Coorie, often compared to the Danish lifestyle trend hygge, comes from an old Scot's word meaning to nestle or snuggle. However, coorie means much more than this today. It encourages us to appreciate the simple pleasures in life, embracing the great outdoors (no matter what the weather) and enjoying the feeling of coming back to home comforts afterwards.
With day-to-day life becoming ever more hectic, it has never been more important to remember to be kind to yourself. That's why this year, when we think about St Andrew's Day and our values of kindness, we are looking for ways to show a bit of that kindness to ourselves as well. The ancient Scottish custom of Coorie, then, feels like the perfect Scottish custom to try out this St Andrew’s Day.
Toasted marshmallows, hot chocolate, mulled wine and hot toddies all exude warmth and comfort- the perfect treat after a day of stunning Highland walks or perhaps a bracing loch swim. If you have found the time to disconnect from work and digital life and have found yourself more connected with nature, family and the home, then congratulations- you are already practicing the art of Coorie.
The Language of Coorie
Here are some important Scottish words and phrases to help you embrace the coorie lifestyle.
Dreich: Used to describe the Scottish weather; dreary and bleak. The sort of weather that demands you cook up a tasty Scotch broth and curl up with a good book.
Baffies: An essential Coorie item- slippers!
Ceilidh: A term used for a Scottish social gathering involving traditional music and folk dancing, a perfect way to warm up after a chilly winter walk.
Gloaming: Meaning twilight or dusk. A perfect time to light up a fire and drink hot toddies.
Stravaig: A central idea to the coorie lifestyle, stravaig means to wander without purpose, just enjoying wandering for wandering’s sake.
Smirr: This is one of our many many words for rain. It describes the light rain that is barely visible but still manages to make you soaking wet. There are claims that Scots have over 100 words to describe the different types of rainy weather, but if you dress properly, you can enjoy splashing about in it, no matter what it is called!
How to Practice Coorie
Now you know what coorie is, you probably want to go out and start living the coorie life. Here are our suggestions for some coorie-approved activities to get you started.
Go for a nature walk
Whether you’re a Munro-bagging hiking pro or prefer a leisurely stroll through the woodlands, there is something for everyone in Scotland’s numerous walking routes. Take the time to roam about and enjoy the world around you. Nothing smells quite as good as fresh air and leaves crunching under foot.
Take a daring dip
An icy wild swim can wake you up and reset a tired, groggy brain. There are plenty of locations to pick from depending on whether you prefer to swim in lochs or in the sea, just remember to stay in groups and stick close to the shore- you want to be able to get to a towel easily when the cold gets too much.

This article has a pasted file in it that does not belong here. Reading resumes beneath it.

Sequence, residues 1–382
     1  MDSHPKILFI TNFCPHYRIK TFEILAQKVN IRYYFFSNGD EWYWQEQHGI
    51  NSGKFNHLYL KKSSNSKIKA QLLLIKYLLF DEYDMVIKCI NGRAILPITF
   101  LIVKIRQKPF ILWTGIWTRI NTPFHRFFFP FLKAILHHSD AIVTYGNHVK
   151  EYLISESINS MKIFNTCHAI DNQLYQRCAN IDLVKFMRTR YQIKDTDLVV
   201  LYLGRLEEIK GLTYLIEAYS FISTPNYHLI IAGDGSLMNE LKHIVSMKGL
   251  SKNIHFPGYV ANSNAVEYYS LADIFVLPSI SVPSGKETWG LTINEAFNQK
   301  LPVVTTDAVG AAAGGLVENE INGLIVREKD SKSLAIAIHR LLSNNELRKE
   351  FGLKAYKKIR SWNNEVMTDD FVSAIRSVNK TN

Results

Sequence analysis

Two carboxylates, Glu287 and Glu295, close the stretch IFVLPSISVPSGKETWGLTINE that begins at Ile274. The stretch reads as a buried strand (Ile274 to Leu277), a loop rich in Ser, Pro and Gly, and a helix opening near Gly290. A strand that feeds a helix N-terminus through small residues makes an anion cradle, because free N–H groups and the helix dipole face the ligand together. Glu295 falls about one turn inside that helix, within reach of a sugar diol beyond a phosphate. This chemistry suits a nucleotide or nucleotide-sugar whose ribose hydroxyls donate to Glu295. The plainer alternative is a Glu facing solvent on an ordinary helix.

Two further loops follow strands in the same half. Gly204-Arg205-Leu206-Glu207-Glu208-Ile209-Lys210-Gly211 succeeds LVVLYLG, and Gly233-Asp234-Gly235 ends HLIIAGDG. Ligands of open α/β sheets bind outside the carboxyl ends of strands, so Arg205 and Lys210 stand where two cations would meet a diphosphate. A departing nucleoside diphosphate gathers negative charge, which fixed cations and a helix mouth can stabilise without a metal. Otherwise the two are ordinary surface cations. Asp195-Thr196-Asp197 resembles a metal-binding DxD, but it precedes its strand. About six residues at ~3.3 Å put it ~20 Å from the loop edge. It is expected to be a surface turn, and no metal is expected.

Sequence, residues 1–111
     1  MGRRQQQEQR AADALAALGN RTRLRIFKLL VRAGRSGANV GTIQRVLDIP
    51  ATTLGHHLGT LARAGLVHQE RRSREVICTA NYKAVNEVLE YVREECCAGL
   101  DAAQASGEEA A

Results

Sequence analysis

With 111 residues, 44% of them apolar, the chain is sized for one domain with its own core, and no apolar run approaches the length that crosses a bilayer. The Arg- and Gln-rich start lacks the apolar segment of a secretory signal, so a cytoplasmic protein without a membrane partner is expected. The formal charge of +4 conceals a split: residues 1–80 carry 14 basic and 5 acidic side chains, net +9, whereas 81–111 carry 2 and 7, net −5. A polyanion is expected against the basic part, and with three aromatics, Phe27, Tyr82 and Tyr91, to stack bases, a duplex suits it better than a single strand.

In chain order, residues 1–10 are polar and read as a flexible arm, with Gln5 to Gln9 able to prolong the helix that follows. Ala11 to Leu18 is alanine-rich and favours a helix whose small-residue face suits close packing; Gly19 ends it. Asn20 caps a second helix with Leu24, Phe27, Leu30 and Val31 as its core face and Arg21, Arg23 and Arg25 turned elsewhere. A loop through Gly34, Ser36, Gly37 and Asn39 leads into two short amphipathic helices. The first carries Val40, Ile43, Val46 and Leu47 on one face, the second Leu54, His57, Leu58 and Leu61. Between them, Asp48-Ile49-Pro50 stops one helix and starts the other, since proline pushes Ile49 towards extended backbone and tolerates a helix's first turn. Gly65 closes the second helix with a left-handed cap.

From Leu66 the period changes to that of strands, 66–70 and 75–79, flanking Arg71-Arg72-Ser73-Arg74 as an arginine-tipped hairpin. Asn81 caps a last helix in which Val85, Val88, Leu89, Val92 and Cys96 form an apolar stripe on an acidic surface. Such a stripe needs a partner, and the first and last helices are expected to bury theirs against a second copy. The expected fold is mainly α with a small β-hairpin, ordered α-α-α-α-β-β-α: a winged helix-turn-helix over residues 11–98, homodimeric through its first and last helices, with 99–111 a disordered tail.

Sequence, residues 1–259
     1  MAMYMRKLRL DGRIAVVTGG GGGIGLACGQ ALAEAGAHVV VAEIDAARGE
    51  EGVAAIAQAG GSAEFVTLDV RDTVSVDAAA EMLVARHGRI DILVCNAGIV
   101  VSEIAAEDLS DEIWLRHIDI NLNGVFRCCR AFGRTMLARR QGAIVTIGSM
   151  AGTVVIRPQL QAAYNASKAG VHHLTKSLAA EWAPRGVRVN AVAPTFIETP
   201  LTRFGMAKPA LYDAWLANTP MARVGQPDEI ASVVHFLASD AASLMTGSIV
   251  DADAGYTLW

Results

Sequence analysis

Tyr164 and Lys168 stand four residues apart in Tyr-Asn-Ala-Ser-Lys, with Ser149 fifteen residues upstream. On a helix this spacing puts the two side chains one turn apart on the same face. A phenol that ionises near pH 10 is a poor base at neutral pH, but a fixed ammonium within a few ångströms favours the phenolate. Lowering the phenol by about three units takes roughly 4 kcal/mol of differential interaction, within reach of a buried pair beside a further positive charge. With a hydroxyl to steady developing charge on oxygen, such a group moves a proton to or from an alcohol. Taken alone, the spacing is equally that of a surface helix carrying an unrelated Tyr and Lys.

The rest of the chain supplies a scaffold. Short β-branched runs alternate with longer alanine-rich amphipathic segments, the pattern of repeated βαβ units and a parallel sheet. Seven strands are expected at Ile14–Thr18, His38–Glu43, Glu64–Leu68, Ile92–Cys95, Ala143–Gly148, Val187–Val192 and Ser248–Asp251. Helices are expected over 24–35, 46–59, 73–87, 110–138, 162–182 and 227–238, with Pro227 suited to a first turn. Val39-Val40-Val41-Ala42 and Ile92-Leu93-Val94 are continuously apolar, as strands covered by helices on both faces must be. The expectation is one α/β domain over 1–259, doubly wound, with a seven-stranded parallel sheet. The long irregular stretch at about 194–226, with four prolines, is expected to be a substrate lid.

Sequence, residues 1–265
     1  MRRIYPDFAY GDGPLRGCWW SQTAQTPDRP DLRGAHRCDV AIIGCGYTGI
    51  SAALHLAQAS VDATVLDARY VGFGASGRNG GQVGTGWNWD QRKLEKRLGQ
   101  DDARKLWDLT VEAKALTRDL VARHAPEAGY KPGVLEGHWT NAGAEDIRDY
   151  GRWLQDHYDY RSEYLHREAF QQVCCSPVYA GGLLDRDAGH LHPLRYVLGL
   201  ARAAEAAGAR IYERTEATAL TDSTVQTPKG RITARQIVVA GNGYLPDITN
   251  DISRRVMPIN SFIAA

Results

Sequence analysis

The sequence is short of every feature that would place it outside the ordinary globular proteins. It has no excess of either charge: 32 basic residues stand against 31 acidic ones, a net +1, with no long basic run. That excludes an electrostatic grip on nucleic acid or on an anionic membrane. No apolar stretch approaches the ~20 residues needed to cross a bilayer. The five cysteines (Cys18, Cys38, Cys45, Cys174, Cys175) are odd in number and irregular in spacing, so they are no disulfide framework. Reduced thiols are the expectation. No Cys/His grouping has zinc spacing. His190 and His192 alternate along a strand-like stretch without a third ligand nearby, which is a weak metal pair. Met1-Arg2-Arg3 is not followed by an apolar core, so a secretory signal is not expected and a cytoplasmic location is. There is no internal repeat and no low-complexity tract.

Care for your garden
You can’t get much closer to nature than by caring for it. November is perfect for planting bulbs ready to bloom in the spring or nurture the one houseplant you own that manages to survive the changing temperatures. If you don’t have much space, you can always try growing rosemary by your kitchen window- it is incredibly hardy, able to survive cool climates, droughts and it will give your kitchen a fantastic fragrance, as well as saving money when you need to add herbs to your winter cooking.
Cook for the soul
Speaking of cooking, coorie embraces the hearty comfort-foods that remind you of home and warmth. You can try your hand at a recipe for casserole or stew, or perhaps this year you will try to make haggis, neeps and tatties from scratch.
Skim some stones
Another fun outdoor activity, stone skimming has a special connection to Scotland, as the World Stone Skimming Championships are held on Easdale Island every year (although the last two events had to be cancelled due to pandemic restrictions). Just make sure to look out for any wildlife before you begin, as most ducks do not take kindly to being hit with rocks!
Learn to knit
A cosy winter blanket is an essential coorie item and knitting it yourself is an opportunity to learn a new skill and stay inside when the weather is just too wet and cold to venture into the great outdoors.
Have a song and a dance
Coorie isn’t just about exploring the outdoors or curling up in front of a fire, it is also about embracing friends and family and finding moments to live in the present, without worrying about the things that normally keep your brain busy. What better way to do this than by putting on your favourite music, and dancing around the living room together. You can even make it an event and find a local ceilidh to attend. If there isn’t one happening near you, perhaps you can organise one yourself.